imprisonment at the hands of the British authorities. Children like Deng have their childhood taken by the traffickers. By 17, they have often been held by the traffickers for several years, moved through several countries and forced to grow up very fast, but they are still children in desperate need of care.

If those children know no other life and nothing of the UK, they can often return voluntarily to their traffickers because they feel that they have no choice. There is a real problem with the idea that a child could ever consent to their exploitation. That is why we believe that we should pursue a separate offence of child exploitation. I listened carefully to the Home Secretary’s points and, clearly, we do not want to make it more difficult to prosecute. I think that we have the same objectives, but I did not find her answers very convincing or clear on why creating such an offence would make it harder to prosecute. Of course, there will be cases where the age may be difficult to identify at the margins, but surely it is possible to draw up the law in a way that allows the prosecutor to decide whether the case is clear cut and can be prosecuted as a child offence or whether it is not clear cut and therefore should be prosecuted under the wider legislation on the basis that somebody is vulnerable.

If the Home Secretary has any overwhelming objections to that, she needs to explain them much more clearly. The Opposition simply cannot see why we should not pursue the Joint Committee’s proposals for a separate offence of child exploitation and why that would not help us all in our objective of tackling slavery, particularly the awful and extreme abuse of children.

We would also like a system of independent guardians to be introduced. They are a requirement of the EU directive that the Government eventually signed up to, and the system has been implemented elsewhere in Europe and shown to work well. After three years of campaigning, we welcome the Government’s pilots for child advocates and the enabling provisions, but we do not believe that they go far enough. The position is unclear, but the advocates do not appear to be the same as the child guardians for which a huge coalition of charities, including Barnardo’s, UNICEF and the Children’s Society, have called. During the Bill’s passage, we will seek to strengthen the powers given to child advocates, thereby establishing guardians who can act independently of local authorities and in the best interests of the child.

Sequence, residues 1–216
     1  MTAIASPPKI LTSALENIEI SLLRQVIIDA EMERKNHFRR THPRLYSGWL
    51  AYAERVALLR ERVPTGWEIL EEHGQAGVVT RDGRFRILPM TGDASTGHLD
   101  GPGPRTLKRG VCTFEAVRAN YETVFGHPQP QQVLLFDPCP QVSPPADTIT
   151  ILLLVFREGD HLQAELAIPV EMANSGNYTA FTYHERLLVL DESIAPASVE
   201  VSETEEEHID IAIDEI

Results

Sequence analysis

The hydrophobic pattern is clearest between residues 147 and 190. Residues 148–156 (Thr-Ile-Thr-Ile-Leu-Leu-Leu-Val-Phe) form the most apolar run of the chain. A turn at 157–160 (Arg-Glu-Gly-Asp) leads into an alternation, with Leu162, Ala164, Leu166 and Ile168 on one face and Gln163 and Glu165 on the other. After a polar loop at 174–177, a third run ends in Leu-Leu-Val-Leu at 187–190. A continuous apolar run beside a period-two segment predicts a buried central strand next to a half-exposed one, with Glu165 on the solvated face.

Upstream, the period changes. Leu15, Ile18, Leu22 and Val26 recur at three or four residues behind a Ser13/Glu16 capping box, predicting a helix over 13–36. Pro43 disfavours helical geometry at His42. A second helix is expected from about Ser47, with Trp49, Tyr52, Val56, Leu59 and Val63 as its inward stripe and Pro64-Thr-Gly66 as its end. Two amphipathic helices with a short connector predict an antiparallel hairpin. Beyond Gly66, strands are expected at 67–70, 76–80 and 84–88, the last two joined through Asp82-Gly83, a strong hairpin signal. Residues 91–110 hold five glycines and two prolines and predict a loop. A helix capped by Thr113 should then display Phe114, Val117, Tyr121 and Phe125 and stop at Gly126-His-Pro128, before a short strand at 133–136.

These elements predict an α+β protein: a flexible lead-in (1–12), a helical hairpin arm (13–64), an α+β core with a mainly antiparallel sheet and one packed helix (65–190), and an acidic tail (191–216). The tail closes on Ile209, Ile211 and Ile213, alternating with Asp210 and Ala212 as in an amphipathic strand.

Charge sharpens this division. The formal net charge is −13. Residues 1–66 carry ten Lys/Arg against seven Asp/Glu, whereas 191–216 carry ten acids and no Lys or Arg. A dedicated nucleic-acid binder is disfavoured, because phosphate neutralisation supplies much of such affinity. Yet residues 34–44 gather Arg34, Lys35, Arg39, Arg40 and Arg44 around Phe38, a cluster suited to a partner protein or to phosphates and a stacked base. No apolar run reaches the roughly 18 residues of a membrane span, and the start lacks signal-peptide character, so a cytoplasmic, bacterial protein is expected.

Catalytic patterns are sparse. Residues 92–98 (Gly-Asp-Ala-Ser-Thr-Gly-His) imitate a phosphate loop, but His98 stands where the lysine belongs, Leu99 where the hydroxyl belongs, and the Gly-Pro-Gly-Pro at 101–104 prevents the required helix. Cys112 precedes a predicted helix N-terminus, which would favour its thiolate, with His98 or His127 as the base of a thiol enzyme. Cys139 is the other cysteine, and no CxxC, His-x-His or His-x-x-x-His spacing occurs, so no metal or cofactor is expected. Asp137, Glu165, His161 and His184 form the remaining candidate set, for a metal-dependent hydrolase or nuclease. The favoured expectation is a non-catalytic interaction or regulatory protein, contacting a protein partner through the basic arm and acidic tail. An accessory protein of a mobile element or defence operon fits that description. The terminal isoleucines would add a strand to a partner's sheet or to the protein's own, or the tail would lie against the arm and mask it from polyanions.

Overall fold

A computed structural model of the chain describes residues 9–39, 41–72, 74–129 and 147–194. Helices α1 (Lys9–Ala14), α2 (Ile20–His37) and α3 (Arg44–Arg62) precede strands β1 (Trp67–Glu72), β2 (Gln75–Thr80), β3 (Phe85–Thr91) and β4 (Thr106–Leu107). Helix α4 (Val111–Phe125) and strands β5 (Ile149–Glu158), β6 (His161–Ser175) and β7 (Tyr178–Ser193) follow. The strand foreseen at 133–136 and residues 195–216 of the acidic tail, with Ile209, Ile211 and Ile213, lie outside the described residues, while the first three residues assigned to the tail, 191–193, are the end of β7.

I raised those who are in domestic work conditions and are particularly at risk in an intervention on the Home Secretary. I urge her to look again at the domestic worker visa and the risks to those forced into domestic slavery, unable to escape. Earlier, I cited the evidence from the charity Kalayaan. The Home Secretary knows that when the tied visa was introduced, many, including Kalayaan, warned her that it would increase the risk of servitude and domestic abuse.

In addition to the figures that I cited earlier, Kalayaan also found that 92% of those on the new visa were unable to leave the House unaccompanied. That is slavery. The Home Secretary seemed to suggest that that was just a small number of people, but that is not the point. One of the examples that Kalayaan gave was the case of Rupa, who arrived in the UK with her

8 July 2014 : Column 184

employers. She had worked for them in India and had little choice about coming to the UK. Once here, she worked long hours and got no proper breaks. Looking after a baby, she was on call all the time. Like 85% of those interviewed by Kalayaan, Rupa did not have her own room, so she slept on the floor, next to the cot. For all that, she was paid just £26 a week and had her passport confiscated. Eventually, Rupa ran away and a stranger helped her find her way to Kalayaan.